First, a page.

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Wednesday, October 15, 2008

The Panic of 1907

There was an excellent article in the New York Times about the closed-door meeting in Washington where Treasuty Secretary Henry Paulson dictated the terms of the government's $250 billion investment in 9 large U.S. banks. Seems that Paulson got them all in the room and told them they weren't leaving until they'd signed the one-page agreement he had drafted.

This brought to mind a famous story about the Panic of 1907--at the time one of the most severe economic panics the nation had ever seen. At that time it wasn't the government that Wall Street turned to for a bailout, it was J. Pierpont Morgan, whose famous "House of Morgan" stood opposite the New York Stock Exchange. (The building, still there, is now part of a condo development.)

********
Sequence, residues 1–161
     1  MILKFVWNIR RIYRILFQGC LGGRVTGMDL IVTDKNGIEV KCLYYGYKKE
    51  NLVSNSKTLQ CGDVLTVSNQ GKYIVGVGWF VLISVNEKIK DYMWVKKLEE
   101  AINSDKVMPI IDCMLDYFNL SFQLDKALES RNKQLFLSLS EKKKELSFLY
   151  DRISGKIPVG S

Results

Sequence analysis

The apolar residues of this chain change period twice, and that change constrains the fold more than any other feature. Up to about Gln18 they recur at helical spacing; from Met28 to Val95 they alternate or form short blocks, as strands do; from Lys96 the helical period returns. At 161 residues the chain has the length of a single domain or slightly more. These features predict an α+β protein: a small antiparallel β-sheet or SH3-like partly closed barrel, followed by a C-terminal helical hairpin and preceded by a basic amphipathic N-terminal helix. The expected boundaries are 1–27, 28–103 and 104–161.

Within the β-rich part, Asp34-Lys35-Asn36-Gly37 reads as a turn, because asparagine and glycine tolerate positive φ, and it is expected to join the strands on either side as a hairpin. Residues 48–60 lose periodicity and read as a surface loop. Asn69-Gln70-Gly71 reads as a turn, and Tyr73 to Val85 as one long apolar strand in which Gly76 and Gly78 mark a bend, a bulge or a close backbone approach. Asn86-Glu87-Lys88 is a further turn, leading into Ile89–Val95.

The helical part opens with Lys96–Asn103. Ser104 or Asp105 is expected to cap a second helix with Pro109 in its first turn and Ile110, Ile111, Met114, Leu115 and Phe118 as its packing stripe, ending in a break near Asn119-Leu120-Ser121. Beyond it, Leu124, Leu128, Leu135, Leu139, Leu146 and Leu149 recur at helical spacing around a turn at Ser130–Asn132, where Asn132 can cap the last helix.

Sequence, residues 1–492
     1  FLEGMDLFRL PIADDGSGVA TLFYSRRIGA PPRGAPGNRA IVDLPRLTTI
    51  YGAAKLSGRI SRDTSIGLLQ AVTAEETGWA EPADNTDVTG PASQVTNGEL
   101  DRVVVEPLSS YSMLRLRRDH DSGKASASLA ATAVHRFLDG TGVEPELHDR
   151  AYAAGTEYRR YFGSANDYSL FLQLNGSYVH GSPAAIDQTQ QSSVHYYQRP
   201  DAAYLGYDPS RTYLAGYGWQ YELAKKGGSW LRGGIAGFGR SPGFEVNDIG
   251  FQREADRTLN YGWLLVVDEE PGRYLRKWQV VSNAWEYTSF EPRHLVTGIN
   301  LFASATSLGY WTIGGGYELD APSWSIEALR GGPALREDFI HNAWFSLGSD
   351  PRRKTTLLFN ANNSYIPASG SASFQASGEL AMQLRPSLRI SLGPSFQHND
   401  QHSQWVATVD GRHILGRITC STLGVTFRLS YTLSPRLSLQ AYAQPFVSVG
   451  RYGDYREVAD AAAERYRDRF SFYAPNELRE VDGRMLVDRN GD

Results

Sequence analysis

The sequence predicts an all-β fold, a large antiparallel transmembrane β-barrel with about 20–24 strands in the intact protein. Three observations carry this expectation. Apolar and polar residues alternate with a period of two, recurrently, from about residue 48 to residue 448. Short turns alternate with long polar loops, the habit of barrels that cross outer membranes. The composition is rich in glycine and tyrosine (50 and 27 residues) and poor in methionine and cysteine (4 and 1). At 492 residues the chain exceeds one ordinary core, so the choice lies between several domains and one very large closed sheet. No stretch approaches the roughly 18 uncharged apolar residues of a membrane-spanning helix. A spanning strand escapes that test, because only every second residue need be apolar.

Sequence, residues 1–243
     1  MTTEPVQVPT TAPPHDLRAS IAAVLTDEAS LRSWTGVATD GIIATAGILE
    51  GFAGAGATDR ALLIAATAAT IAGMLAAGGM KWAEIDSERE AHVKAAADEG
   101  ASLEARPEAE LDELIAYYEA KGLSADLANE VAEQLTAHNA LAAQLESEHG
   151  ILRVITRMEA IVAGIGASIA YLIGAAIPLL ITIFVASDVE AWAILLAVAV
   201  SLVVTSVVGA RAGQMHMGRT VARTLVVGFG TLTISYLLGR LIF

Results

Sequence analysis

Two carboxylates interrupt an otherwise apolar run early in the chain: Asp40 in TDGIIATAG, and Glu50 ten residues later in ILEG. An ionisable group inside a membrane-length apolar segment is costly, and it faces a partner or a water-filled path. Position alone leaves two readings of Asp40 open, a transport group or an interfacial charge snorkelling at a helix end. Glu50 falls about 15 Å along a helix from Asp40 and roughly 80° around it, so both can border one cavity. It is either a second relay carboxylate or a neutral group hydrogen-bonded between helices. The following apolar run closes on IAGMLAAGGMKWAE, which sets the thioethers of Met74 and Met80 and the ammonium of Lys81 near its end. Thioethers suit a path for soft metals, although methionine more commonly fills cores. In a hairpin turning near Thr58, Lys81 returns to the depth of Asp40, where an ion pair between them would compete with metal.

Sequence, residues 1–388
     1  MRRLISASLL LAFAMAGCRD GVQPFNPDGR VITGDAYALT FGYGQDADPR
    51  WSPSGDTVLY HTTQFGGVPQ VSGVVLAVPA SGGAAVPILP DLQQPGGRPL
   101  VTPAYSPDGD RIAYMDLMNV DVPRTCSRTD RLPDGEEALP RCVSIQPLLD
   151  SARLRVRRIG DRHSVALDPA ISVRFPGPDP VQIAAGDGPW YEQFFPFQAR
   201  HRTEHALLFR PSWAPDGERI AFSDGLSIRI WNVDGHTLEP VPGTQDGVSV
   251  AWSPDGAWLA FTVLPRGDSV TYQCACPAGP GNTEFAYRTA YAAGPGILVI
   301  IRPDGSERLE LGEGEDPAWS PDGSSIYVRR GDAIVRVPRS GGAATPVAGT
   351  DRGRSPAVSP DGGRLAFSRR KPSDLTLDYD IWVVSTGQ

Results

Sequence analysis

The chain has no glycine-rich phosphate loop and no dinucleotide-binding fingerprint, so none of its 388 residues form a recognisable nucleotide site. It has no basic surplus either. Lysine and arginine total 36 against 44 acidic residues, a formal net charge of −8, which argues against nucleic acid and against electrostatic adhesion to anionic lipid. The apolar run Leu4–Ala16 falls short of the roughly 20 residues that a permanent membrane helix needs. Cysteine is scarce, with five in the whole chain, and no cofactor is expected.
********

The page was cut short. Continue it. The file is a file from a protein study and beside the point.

When the Knickerbocker Trust Company failed in October 1907, Morgan was able to prop up the floundering stock exchange by getting banks to promise $25 million dollars to infuse the market with liquidity. However, a number of other small banks and trusts were on the verge of collapse and Morgan knew there'd be more market uncertainty without a stronger course of action. On the night of November 2, 1907, he invited the leaders of the city's big banks to his new library. Once there, Morgan locked them inside and wouldn't let them go until 5:00 a.m. the next morning having secured an additional $25 million in investment capital to bolster the failing trust companies.

Morgan, who died six years later, was one of America's largest collectors of rare books and fine art. The library--the original section of which was designed by noted Beaux-Arts architect Charles Follen McKim--is now the Morgan Library & Museum, one of New York's finest small museums.

More information about Morgan, his library, and the Panic of 1907 can be found in Inside the Apple. Pre-order you copy today!

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